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The Demographics of SARS-CoV-2 Infection in the New York City Area
Graber CJ. The Demographics of SARS-CoV-2 Infection in the New York City Area. 2020 Aug 1. Available from: https://www.idsociety.org/idsa-newsletter/aug-1-2020/.
As the COVID-19 pandemic continues to rage throughout the United States, a better understanding is needed regarding the demographics of SARS-CoV-2-related test positivity, disease, and hospitalization in order to develop preventive public health measures on local, regional, state, and national levels.
A recent paper published in Clinical Infectious Diseases describes the experience of a regional health care system that was responsible for approximately 15% of SARS-CoV-2 nasopharyngeal/oropharyngeal testing in the greater New York City region (the five counties of New York City plus Nassau, Suffolk, and Westchester) from March 2 - April 10, 2020. Of 46,793 people residing in this region who were tested, 26,735 (57.1%) had at least one positive test for SARS-CoV-2. Test positivity was highest among Black males (72.1%), followed by Asian males (71.6%), Black females (64.4%), and White males (61.9%). SARS-CoV-2 infection was already widely dispersed across the region at the onset of testing, though incidence varied widely by magnitude and time according to zip code; 8,174 (30.6%) of positive patients were admitted to acute care hospitals.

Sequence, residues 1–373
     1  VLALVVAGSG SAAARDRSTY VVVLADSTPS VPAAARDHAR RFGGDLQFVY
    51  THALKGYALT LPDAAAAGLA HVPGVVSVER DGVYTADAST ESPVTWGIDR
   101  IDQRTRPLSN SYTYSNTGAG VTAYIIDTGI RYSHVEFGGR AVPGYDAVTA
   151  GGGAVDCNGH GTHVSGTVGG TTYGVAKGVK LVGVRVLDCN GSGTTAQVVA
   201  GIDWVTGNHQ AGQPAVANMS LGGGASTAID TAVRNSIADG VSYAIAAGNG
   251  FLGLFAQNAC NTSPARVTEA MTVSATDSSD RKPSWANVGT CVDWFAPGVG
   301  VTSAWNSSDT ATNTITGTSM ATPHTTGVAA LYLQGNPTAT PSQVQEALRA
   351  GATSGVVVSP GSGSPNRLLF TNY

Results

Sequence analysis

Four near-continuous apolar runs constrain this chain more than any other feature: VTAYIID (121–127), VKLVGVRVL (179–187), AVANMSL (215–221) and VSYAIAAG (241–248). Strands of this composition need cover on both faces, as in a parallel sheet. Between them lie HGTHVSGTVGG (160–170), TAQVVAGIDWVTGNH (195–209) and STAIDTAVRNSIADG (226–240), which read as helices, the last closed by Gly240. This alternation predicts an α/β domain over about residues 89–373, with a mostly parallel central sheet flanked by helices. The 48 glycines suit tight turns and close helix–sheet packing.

Estimation of the population-normalized distribution of cases throughout the region demonstrated disproportionate positivity rates in males (1.6% case incidence at age 25 to 6.0% for age 85 and above) vs. females (1.7% at age 25 to 4.7% at age 85 and above). While people from lower income, higher population density zip codes had higher positivity rates (despite comparable access to testing than higher income, lower population density zip codes) with a strong trend observed in average annual income by zip code from $25,000 to $125,000, the authors note that statistical sampling variability may have at least partially confounded the association.
While this report is limited primarily by an absence of information on Latino/Hispanic ethnicity and limitations on test capacity early in the testing period, it provides a useful snapshot of how the SARS-CoV-2 pandemic differentially affected the New York City region according to demographics and area of residence. As SARS-CoV-2 continues to expose disparities inherent in our health care system, data such as these will be critical in allocating resources and organizational efforts moving forward.